Tuesday's Afternoon Update
What you need to know about Florida today
Tropical wave 'one to watch' for impacts to Florida
Meteorologists are keeping a close eye on one of two tropical disturbances in the Atlantic Ocean. One disturbance located in the Central Subtropical Atlantic has an 80% chance of formation but is expected to be a short-lived tropical depression and will have no impact on land. However, a second tropical disturbance located several hundred miles east of the Windward Islands is one that may have an impact on Florida. More from WESH and the Tampa Bay Times.
NASA finds damage on leaky Artemis I hydrogen seal, targeting this week for fueling test
NASA teams investigating pad hardware at Kennedy Space Center found a potential culprit behind a leaky hydrogen line that scrubbed the Artemis I moon mission's last attempt, making way for a fueling test this week. Managers and engineers have already started preparing for their arrival at the Launch Control Center starting Monday evening, a process that will run through what is essentially a mock countdown similar to launch day. More from Florida Today.
Opinion: No end in sight for Florida’s water woes
It’s been 50 years since the legislature passed the landmark Florida Water Resource Act of 1972 and a multitude of Acts since then, to protect Florida’s waters. Yet, implementation of water rules and regulations are continually handicapped by competing interests and political expediency. The longer the delay in making real progress toward restoring Florida’s polluted waters, the more expensive it will be to attain restoration, much less enforce regulations meant to prevent the problem. More from the Naples Daily News.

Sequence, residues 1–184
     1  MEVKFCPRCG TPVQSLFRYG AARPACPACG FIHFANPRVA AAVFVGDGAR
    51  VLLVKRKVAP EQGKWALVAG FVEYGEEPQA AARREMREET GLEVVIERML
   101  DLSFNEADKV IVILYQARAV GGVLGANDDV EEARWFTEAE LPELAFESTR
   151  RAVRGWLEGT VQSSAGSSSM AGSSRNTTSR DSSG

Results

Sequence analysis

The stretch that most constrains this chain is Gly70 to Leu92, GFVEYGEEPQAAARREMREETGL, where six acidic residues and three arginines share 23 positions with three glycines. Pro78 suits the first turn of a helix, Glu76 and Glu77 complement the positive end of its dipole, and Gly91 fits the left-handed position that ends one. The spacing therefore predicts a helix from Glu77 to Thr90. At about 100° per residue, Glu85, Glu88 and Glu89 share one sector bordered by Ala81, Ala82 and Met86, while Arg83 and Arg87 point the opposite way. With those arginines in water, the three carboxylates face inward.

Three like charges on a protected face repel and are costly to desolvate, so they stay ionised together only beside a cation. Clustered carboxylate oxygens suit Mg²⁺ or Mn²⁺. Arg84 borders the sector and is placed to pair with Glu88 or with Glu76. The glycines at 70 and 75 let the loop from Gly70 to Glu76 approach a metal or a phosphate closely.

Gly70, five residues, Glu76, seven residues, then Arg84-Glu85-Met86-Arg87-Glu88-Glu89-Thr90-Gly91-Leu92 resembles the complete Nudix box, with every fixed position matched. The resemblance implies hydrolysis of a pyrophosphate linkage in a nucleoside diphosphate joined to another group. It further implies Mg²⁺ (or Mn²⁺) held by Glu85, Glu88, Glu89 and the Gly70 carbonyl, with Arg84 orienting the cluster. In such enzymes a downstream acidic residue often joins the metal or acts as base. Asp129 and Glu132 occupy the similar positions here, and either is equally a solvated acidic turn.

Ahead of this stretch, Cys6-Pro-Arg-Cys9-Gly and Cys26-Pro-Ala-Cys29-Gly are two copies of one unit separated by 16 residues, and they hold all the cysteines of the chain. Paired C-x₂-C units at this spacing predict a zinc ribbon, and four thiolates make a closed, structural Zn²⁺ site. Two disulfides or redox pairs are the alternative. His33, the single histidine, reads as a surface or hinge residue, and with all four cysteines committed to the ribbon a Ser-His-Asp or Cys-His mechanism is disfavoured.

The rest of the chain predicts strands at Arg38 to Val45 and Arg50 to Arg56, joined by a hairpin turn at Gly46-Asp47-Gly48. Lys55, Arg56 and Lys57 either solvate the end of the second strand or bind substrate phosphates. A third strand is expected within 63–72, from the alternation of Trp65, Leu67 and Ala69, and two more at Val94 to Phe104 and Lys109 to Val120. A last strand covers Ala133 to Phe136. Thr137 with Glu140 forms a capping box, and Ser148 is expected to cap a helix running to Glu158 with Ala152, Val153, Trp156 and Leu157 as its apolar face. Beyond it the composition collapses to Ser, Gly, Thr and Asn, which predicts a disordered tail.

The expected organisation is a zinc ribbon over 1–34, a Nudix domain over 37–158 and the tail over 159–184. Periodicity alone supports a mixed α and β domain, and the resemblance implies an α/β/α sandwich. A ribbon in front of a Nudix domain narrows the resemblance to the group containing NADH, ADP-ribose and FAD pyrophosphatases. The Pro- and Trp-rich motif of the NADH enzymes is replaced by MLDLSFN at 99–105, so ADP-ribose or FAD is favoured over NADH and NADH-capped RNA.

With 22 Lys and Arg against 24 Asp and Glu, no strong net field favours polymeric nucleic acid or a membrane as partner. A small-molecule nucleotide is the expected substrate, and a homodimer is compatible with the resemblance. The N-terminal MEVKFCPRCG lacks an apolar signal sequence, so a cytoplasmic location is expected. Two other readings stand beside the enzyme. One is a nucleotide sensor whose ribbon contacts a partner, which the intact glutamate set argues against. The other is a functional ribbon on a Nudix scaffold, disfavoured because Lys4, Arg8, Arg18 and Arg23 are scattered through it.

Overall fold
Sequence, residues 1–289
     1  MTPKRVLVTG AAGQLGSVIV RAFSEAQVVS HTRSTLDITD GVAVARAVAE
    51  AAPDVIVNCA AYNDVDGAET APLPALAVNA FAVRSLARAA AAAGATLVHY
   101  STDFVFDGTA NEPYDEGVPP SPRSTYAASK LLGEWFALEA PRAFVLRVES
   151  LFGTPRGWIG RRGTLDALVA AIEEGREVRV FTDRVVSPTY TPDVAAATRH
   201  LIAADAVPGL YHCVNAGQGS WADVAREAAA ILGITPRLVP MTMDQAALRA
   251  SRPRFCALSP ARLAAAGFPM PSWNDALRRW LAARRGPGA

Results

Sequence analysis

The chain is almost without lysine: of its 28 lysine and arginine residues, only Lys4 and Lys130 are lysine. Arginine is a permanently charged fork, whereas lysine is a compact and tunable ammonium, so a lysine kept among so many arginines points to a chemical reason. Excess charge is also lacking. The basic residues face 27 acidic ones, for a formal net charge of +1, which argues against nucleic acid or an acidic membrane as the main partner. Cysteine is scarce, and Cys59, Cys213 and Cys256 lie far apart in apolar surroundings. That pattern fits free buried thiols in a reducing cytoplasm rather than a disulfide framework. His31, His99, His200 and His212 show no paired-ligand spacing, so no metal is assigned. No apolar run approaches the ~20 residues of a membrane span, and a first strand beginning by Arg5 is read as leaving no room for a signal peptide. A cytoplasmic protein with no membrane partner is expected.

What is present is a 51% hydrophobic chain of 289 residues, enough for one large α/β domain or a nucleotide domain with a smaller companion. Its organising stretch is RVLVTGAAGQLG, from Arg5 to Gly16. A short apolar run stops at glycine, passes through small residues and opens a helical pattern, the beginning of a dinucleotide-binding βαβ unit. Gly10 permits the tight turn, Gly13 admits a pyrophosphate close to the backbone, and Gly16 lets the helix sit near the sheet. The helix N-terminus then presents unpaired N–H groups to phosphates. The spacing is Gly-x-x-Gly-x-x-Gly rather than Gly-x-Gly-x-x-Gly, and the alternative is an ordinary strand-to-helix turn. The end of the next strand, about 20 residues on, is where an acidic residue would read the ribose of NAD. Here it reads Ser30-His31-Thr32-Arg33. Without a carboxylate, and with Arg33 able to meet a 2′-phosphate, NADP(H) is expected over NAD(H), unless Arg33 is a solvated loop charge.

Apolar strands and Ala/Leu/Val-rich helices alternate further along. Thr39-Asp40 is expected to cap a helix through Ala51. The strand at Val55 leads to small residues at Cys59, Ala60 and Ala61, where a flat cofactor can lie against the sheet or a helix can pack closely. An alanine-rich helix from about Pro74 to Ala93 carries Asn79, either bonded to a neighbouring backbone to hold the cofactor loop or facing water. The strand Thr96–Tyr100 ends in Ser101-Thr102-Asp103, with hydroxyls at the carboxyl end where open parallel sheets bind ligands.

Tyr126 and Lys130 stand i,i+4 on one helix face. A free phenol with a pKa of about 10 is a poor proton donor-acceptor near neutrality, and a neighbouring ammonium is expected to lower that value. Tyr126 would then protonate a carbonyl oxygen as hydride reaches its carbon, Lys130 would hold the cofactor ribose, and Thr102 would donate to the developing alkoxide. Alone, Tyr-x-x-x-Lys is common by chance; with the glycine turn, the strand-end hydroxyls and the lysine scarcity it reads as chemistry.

In Tampa, Florida Chamber's inaugural tech summit showcases state of innovation
In recent years, the Tampa Bay region, and Water Street Tampa in particular, have built a national reputation for a thriving tech industry. Against that backdrop, Water Street was the venue of choice for the Florida Chamber of Commerce’s inaugural Florida Technology and Innovation Solution Summit, a gathering of leading-edge thinkers and industry visionaries in late August. More from 83 Degrees Media.
Rubix Foods launches Jacksonville Innovation Center
You’ve likely tasted Rubix Foods products – and liked it. The Jacksonville-founded and headquartered company has worked with 70% of the top 150 restaurant chains in the U.S. and serves major industrial food-related manufacturers. Rubix Foods develops, tests and provides flavor and functional ingredients for restaurants and food manufacturers, and also develops products to introduce. More from the Florida Times-Union.
Chalk Festival to feature artists working with an alternate media – flowers and sand
For the 15th edition of the Chalk Festival its founder, Denise Kowal, is bringing flowers – specifically carpets of flowers created by artists using flowers, sand and other materials – as part of art forms known as “Infiorata” and “Rangoli.” Kowal "has studied the ephemeral carpet artform and purpose in different cultures for many years,” Chalk Festival managing director Bill Baranowski said in a prepared statement. “She’s traveled to infiorata festivals in Italy and Brussels, and seen rangoli artists in India. We are thrilled to be the first festival in the U.S. to introduce patrons to this particular art.”
» More from the Sarasota Herald-Tribune.
Once, he witnessed an amazing gift. Today he’s Tampa’s Lions Eye CEO.
Jason Woody is president and CEO of the Lions Eye Institute for Transplant & Research in Ybor City, overseeing the combined eye bank, tissue recovery and ocular research center’s 150 employees. From offices in a grand old red brick cigar factory, they do recovery of donations, testing for suitability, matching with recipients and delivery to doctors for transplanting.
» Read more from the Tampa Bay Times.
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